As we’ve noted before, government welfare programs generally carry a hidden cost beyond that paid by taxpayers – a cost paid by the recipients, in whom dependency and a loss of independence are fostered.
An interesting new study in the Journal of Family and Economic Issues suggests that dependency on government largesse may carry an additional cost, this one for recipient spouses. The study involves a survey of Utah couples and found: “Individuals that experienced the combination of earning less than $20,000 per year while receiving government assistance had significantly lower levels of overall marital satisfaction and commitment than individuals receiving government assistance with higher incomes and individuals who have never received government assistance.”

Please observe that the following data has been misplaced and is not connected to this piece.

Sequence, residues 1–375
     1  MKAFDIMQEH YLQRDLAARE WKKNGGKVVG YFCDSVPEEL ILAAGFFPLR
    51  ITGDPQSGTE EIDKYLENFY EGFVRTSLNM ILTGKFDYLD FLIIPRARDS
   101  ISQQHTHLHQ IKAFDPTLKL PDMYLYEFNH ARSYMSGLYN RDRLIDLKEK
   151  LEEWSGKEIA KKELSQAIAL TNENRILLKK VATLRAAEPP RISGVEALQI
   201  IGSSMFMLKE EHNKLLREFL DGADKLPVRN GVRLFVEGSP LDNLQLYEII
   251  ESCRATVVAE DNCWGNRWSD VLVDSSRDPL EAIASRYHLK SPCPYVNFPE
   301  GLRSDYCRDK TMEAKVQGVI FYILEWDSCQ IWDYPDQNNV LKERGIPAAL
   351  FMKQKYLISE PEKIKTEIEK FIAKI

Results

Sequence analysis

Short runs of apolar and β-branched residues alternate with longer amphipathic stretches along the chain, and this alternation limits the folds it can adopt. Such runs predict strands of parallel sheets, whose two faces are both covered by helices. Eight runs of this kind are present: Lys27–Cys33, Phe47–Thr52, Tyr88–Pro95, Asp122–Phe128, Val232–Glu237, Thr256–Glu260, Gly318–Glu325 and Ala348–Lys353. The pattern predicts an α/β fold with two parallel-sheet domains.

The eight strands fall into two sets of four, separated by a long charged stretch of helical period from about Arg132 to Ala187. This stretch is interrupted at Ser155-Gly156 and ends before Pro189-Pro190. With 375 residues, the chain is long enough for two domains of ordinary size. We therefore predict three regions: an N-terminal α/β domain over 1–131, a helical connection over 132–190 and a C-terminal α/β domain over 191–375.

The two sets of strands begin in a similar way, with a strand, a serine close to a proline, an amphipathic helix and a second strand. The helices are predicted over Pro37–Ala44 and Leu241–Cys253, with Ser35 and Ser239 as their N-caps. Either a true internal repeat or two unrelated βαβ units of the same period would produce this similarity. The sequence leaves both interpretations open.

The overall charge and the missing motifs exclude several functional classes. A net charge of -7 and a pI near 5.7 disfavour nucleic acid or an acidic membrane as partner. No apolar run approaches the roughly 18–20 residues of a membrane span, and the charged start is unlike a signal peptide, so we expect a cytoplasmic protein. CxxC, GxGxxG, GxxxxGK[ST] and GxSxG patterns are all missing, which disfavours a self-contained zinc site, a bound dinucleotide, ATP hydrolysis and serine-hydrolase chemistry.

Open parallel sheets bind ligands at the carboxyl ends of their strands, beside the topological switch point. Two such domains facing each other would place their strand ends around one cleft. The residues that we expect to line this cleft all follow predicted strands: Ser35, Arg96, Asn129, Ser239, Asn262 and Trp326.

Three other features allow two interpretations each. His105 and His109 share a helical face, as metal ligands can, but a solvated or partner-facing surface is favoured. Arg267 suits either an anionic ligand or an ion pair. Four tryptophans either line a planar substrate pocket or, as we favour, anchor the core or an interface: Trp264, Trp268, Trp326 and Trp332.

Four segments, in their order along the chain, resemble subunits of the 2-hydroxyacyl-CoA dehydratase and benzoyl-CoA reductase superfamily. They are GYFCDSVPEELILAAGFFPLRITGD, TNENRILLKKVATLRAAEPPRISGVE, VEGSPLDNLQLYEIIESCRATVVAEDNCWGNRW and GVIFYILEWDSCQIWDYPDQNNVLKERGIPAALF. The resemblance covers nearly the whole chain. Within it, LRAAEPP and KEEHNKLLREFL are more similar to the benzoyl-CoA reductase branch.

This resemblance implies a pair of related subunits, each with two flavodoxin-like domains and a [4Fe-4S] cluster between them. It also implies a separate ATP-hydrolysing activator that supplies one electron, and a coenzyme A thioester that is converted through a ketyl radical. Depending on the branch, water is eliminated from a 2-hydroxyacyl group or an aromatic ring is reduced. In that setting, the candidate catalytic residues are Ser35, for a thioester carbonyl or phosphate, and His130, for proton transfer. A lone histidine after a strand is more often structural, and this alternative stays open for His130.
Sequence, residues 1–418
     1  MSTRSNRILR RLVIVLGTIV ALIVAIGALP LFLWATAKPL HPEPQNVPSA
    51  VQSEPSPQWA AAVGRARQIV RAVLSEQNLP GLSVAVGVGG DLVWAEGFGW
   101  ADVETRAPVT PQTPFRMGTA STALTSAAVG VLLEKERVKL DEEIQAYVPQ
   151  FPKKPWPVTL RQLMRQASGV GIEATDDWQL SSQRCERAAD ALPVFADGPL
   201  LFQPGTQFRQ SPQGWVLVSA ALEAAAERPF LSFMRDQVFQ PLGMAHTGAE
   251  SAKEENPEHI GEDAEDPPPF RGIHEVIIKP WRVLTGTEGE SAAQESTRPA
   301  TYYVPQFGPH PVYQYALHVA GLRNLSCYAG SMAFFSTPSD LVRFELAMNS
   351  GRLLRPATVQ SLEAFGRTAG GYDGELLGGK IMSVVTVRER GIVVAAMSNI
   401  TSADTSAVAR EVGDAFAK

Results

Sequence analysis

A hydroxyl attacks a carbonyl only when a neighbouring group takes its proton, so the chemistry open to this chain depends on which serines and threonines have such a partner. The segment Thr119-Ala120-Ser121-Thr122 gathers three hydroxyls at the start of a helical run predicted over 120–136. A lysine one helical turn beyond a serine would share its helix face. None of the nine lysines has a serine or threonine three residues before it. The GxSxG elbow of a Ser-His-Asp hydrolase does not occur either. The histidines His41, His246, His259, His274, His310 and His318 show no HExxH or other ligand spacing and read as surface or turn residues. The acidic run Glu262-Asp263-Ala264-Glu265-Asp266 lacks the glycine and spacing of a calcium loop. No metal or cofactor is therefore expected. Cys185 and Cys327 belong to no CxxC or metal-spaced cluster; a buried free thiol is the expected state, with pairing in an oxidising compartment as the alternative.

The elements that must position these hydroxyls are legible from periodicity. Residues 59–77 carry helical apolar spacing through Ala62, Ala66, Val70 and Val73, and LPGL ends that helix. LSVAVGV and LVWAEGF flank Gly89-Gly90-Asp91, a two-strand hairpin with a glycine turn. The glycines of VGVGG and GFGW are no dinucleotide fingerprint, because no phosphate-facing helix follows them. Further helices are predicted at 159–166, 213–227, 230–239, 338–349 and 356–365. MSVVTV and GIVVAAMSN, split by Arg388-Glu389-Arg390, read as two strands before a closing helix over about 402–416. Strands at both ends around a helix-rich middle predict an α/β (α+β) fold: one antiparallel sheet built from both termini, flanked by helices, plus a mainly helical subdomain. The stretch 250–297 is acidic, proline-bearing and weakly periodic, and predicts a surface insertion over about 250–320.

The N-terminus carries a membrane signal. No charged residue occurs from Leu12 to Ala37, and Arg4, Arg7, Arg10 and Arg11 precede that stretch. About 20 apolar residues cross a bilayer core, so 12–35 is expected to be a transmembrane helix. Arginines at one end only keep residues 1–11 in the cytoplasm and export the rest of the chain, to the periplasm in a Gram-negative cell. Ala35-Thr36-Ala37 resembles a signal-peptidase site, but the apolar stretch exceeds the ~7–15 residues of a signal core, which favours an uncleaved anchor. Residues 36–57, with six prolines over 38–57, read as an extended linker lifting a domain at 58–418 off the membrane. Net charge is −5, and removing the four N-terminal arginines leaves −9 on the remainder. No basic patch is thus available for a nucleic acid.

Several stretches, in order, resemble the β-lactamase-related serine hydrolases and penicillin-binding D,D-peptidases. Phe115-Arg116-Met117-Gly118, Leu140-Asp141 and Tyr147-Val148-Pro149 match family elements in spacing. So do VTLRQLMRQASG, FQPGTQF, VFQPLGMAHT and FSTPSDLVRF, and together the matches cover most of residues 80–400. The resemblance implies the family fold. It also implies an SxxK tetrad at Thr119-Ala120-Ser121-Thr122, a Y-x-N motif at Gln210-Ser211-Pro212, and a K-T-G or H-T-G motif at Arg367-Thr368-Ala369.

As recent Census data (page 8, table 2) make clear, experiencing a divorce is associated with an increased likelihood of receiving public assistance.
This begins to look like a vicious circle: The government creates dependency with its welfare programs. The recipients of these programs experience weakened marriages. Weakened commitment to marriage leads to divorce (facilitated by no-fault divorce laws that ally the government with the spouse who wants out of the marriage). Divorce leads to an increased use of public assistance.
If one wanted to create a system for increasing the number of individuals dependent on government, this wouldn’t be a terrible way to do that.